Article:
A tool-tip is a small pop-up window that labels the unlabeled control being pointed to, such as toolbar controls without caption or command buttons. Tool-tips may as well provide more descriptive text including formatting and icons. Tips are a form of progressive disclosure, eliminating the need always to have descriptive text on the screen. Especially novice users are reluctant to click things if they are unsure what they do, so hovering feels more "safe". This time-delay mechanism makes tips very convenient, but it also reduces their discoverability. When tips are used consistently they support user’s expectation and foster predictability.
- Use tips to label unlabeled controls and to provide additional information.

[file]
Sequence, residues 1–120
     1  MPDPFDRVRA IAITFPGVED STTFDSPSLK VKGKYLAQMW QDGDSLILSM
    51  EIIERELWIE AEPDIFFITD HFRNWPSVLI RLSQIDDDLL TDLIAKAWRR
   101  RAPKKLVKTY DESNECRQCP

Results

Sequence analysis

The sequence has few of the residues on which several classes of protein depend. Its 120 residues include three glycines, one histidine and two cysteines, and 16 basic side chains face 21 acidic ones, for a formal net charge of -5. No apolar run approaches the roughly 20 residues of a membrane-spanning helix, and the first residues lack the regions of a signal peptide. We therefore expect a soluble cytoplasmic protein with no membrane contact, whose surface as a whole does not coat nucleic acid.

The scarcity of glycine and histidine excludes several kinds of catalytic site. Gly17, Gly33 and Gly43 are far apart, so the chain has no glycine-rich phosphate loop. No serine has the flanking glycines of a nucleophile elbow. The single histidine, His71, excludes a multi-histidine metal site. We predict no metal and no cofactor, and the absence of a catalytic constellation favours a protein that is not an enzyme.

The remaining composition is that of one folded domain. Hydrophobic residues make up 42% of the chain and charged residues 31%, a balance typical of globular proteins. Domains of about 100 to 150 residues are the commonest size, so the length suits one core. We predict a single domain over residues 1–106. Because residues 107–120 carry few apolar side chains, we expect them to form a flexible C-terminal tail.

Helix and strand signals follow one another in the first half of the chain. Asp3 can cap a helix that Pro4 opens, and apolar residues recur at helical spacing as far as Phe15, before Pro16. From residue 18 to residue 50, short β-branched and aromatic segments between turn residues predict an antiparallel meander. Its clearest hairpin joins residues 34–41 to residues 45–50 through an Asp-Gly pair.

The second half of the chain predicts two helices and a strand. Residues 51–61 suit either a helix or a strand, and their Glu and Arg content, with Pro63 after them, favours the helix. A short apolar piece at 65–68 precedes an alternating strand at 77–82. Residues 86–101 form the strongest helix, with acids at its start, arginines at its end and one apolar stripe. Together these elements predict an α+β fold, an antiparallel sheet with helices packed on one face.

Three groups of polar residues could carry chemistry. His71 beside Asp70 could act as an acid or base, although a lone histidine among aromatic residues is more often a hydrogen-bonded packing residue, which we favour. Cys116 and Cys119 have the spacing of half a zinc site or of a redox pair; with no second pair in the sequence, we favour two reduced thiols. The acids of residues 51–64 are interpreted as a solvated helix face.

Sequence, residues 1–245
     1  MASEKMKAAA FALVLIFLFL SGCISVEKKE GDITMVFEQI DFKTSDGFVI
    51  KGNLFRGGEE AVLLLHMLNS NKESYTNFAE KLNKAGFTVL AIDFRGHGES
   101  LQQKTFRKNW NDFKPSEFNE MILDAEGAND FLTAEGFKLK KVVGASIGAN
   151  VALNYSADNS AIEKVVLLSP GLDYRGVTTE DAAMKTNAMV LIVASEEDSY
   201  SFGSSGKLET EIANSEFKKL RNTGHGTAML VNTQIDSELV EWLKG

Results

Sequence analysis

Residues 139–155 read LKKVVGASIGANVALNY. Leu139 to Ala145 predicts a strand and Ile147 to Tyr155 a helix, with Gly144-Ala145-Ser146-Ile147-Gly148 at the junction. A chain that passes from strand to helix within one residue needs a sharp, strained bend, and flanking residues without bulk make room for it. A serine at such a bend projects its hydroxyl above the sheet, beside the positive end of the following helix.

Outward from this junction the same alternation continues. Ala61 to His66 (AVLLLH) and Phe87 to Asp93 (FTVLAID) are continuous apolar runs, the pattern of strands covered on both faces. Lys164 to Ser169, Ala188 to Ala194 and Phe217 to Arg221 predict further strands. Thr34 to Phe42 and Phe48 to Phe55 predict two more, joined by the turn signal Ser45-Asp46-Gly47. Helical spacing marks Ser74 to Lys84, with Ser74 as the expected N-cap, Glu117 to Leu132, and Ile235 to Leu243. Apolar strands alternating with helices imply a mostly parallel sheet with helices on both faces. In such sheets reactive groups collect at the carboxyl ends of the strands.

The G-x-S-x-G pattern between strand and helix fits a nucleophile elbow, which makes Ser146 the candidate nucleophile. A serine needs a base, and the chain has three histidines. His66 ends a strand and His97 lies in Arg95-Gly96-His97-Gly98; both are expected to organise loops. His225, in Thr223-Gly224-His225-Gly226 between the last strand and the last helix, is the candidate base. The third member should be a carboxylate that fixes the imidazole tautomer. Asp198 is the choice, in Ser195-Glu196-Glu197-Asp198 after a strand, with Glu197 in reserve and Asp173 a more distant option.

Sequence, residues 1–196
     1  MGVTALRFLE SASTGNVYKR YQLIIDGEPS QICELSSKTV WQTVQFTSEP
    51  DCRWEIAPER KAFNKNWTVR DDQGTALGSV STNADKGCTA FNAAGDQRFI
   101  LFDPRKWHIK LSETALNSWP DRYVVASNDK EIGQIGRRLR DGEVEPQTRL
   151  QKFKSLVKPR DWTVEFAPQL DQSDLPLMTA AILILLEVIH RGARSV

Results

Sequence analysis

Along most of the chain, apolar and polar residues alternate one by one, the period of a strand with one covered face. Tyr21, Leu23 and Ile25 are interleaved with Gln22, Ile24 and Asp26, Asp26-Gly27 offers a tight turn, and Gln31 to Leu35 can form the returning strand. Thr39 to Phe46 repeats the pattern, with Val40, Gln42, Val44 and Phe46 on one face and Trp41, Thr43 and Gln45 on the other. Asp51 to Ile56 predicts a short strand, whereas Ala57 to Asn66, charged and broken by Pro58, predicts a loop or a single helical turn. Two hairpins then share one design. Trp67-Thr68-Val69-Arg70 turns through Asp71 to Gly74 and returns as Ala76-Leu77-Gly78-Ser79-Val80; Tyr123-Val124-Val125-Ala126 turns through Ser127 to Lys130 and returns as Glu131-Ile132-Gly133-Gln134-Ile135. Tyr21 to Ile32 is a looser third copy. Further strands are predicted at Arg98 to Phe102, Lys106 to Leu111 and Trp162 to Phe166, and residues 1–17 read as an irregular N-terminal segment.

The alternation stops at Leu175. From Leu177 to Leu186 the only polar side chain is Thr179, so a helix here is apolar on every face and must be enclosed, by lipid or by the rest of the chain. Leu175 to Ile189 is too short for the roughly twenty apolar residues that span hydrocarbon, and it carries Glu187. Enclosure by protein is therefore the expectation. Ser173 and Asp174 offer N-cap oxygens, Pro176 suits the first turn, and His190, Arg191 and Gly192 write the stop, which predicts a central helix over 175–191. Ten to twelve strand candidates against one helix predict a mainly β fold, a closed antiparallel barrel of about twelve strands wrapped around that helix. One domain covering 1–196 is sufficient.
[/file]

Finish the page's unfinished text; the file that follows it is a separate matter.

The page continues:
- Don’t use tips for warnings.
- Keep tips brief, typically five words or less for tool-tips; whenever appropriate, provide keyboard short-cuts and default values.
- Format tool-tips to make their content easier to read and scan by grouping and aligning the content. The information should be:
- concise: large, unformatted blocks of text are difficult to read and overwhelming
- helpful: it shouldn't be obvious or just repeat what is already on the screen)
- supplemental: important information should be communicated using self-explanatory control labels or in-place supplemental text)
- (in discussion) static: tips should not change from one instance to the next)
- (in discussion) If the control is disabled, add a short explanation about the reason to the tip. Do not add information beyond that.
- Consider to add small info buttons for use tips with a touch screen.
- Do not use icons and formattings for tips of unlabeled controls.
- Use tool-tips with icons and formattings
- if tips describe comprehensive functions,
- when content is lengthy and formatting improves readability
- for tips that are implemented primarily for joy of use.